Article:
James Lowell Bartlett went to school at Mass-Aggie (now known as Stockbridge of Agriculture at the University of Massachusetts at Amherst) and worked in the weather office of the greenhouses. During his time there, he had the opportunity to go to the University of Wisconsin to further his education. After a brief time there, James knew he wanted to come home and start his greenhouse. A friend of his told him about a broken-down greenhouse in Sudbury described as “a pile of rusted pipe, rotted timbers and broken glass,” which he purchased in 1911. Thus, moving from Salisbury to Sudbury. After he fixed up the greenhouses, he noticed other greenhouses in Sudbury were in the carnation business. So, that is what he was starting to grow as well.
During World War I, there was no coal for the flowers, but there was for food. So, father Bartlett started growing tomatoes. James died on October 25, 1943. After his death, his wife Philena leased out the business as all her sons were in the service during World War II.
In 1947, John Pike Bartlett (James Lowell Bartlett’s youngest son) told his mother that he wanted to take back the reins of the company. A farm boy with a Bachelor of Science in mechanical engineering from Tufts University became known as the “geranium engineer.” Because of his background in engineering, he was able to develop and patented the first plastic-covered greenhouses with Lord and Burnham known as the “Bartlett Structure” that revolutionized the industry. His passion for improving the business often kept him working till the wee hours of the morning. Some of those late nights lead to late rising. However, he knew his greenhouses were in good hands with his wife, Dorothy.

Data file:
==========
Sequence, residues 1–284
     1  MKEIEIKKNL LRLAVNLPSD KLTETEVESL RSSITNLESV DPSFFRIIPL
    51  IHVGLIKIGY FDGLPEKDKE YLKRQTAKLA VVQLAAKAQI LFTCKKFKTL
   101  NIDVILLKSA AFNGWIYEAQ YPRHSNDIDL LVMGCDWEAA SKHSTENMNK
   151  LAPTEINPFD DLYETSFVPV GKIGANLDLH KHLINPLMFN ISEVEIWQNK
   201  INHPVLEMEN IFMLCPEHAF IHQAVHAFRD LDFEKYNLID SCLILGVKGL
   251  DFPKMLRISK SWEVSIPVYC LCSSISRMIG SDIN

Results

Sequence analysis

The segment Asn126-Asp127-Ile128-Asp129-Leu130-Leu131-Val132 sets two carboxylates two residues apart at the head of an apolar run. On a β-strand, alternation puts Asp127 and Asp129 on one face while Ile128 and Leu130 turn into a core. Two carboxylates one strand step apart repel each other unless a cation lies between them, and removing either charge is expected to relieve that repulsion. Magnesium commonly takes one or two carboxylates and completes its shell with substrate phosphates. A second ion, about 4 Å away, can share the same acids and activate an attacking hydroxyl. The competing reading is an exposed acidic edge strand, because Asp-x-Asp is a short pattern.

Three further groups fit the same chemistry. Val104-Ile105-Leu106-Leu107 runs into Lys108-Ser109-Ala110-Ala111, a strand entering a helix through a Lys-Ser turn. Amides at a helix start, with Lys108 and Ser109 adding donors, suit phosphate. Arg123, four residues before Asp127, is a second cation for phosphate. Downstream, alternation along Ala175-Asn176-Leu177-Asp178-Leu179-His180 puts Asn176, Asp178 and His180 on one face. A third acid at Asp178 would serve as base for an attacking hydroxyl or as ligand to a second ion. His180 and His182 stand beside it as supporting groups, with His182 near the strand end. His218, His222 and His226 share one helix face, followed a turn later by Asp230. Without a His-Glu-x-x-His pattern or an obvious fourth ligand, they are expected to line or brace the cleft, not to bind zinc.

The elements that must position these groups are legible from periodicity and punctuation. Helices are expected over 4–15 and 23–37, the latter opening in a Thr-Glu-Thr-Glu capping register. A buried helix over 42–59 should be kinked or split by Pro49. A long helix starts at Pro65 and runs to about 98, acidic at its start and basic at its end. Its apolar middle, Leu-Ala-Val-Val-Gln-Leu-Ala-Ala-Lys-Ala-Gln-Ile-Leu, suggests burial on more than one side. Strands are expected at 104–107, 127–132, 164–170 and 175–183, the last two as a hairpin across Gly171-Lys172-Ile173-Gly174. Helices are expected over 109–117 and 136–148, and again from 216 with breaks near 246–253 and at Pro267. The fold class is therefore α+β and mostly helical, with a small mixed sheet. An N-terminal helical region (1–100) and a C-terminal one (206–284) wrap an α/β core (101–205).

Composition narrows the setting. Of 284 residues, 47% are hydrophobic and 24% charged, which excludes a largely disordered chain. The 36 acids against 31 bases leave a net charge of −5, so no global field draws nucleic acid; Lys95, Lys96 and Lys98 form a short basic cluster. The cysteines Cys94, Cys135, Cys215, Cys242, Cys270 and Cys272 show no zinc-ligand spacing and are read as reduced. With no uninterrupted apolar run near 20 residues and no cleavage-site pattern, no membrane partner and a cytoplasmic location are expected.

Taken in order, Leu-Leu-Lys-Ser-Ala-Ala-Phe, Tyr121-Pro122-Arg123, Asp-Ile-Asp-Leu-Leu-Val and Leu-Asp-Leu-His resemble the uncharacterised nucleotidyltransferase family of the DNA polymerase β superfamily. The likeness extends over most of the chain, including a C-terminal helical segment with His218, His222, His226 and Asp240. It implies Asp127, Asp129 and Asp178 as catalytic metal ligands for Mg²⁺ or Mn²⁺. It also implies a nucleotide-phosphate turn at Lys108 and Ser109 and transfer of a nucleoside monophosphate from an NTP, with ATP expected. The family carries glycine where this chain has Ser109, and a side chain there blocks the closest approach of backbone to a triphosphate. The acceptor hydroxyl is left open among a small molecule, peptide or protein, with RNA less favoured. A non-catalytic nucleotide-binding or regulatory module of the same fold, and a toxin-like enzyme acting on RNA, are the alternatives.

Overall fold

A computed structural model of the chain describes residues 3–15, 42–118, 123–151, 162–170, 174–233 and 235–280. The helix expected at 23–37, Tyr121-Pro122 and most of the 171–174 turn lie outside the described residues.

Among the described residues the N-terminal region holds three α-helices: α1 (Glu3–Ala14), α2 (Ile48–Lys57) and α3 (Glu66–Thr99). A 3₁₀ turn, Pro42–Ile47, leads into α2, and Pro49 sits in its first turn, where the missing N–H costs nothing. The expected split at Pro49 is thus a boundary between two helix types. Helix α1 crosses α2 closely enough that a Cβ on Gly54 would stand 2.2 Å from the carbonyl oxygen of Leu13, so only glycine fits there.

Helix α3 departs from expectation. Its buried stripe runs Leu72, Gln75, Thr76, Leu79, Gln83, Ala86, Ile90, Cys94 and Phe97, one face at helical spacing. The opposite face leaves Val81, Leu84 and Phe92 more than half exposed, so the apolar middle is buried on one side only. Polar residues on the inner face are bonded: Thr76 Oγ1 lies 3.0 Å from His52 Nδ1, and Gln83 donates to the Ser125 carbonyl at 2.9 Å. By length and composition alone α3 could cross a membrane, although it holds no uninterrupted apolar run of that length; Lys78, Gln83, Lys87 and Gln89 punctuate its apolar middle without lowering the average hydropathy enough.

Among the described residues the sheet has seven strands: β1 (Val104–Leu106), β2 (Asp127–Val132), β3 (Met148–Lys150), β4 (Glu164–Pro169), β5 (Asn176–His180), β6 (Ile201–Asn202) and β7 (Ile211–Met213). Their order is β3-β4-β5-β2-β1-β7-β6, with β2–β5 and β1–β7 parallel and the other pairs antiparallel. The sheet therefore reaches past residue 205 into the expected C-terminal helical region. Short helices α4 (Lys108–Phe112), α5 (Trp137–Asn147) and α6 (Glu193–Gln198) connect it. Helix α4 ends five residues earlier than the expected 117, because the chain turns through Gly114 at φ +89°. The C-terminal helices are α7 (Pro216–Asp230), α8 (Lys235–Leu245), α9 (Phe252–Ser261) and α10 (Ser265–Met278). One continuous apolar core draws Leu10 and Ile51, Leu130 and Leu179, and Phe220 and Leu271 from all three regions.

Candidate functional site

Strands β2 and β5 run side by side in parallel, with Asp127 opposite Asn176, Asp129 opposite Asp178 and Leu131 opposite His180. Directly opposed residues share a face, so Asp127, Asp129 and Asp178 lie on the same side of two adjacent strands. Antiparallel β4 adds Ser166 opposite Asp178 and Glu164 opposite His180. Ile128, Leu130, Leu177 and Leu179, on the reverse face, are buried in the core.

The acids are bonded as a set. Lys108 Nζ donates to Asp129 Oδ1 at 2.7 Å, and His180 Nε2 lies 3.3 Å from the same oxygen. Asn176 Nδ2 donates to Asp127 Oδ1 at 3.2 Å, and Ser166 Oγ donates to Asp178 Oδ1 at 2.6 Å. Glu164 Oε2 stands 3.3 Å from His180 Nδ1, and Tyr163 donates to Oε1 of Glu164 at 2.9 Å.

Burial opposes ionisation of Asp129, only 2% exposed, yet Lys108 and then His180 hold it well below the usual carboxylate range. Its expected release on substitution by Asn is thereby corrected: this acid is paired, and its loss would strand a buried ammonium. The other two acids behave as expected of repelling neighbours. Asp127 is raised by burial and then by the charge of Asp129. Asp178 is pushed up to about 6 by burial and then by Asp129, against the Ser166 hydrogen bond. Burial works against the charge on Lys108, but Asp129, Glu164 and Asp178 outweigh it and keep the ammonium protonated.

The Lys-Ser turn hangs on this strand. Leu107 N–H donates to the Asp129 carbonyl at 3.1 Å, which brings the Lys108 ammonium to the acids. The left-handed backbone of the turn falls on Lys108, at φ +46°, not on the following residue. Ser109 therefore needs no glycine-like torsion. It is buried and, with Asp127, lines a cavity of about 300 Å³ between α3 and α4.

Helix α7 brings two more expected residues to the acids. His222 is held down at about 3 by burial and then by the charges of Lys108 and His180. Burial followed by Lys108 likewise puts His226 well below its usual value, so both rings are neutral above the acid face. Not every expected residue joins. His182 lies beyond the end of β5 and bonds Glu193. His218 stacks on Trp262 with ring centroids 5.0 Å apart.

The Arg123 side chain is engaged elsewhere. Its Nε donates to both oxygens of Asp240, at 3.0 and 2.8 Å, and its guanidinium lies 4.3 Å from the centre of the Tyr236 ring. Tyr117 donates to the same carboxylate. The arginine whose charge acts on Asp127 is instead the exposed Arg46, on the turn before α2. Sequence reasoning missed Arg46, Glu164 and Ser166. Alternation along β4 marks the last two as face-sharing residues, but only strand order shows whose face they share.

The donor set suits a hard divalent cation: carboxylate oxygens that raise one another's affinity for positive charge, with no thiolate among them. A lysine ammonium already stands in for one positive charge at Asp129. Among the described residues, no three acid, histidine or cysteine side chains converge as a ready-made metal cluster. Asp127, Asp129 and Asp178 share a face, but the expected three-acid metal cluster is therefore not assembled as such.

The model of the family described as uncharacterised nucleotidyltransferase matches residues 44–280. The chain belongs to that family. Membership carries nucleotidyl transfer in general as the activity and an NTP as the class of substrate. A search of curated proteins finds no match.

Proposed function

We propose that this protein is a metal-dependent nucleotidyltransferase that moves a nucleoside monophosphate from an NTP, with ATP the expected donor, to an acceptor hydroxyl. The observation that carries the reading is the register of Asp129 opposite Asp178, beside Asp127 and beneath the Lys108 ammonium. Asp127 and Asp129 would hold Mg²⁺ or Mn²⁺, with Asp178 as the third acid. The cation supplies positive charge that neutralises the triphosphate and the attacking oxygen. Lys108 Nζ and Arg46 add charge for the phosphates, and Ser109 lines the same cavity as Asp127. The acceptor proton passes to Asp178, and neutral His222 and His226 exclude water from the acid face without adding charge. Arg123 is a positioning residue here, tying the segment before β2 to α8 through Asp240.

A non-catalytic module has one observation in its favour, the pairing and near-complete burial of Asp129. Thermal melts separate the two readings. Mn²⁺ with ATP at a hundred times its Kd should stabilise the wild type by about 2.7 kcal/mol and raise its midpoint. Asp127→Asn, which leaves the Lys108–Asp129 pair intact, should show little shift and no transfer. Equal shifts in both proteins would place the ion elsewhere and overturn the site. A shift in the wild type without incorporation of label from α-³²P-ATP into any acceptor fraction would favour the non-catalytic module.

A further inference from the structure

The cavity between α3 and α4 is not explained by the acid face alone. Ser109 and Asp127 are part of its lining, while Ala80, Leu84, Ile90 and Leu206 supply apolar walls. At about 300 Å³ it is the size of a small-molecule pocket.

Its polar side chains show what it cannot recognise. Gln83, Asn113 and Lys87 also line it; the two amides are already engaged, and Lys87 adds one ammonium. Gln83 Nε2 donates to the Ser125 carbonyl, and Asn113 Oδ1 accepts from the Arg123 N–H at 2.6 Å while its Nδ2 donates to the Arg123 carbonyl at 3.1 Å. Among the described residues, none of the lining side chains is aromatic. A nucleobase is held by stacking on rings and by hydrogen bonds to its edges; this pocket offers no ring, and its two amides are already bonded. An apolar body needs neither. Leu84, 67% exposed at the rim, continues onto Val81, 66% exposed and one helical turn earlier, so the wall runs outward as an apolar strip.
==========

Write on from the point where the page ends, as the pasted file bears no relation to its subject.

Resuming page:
Bartlett’s became known as the “geranium specialist.” John was once told that he treated the bloodlines of his geraniums the way a cattleman speaks of his cattle. He was so meticulous of what was produced. The plant had to have the right stem length, the right amount of buds, no crooked necks and had to provide cuttings for winter propagation.
In the ’70s, John’s health began to fail to the point where he was considering closing or selling the greenhouses. His daughter Laura approached him and asked if she were to come into the business, would he want to keep it going. And so, the company continued. Not only did John get to teach his daughter (from the bottom up), but also his son-in-law Fred who left his family business to work alongside his wife.
Sadly, John passed away in 2001, and Fred in 2005, leaving big shoes to fill.
Today Laura, with the help of two of Laura’s children, Fred and Beth, continue the geranium legacy. James Lowell Bartlett would be proud to see that those broken-down greenhouses turned into a fourth-generation business right where it all started.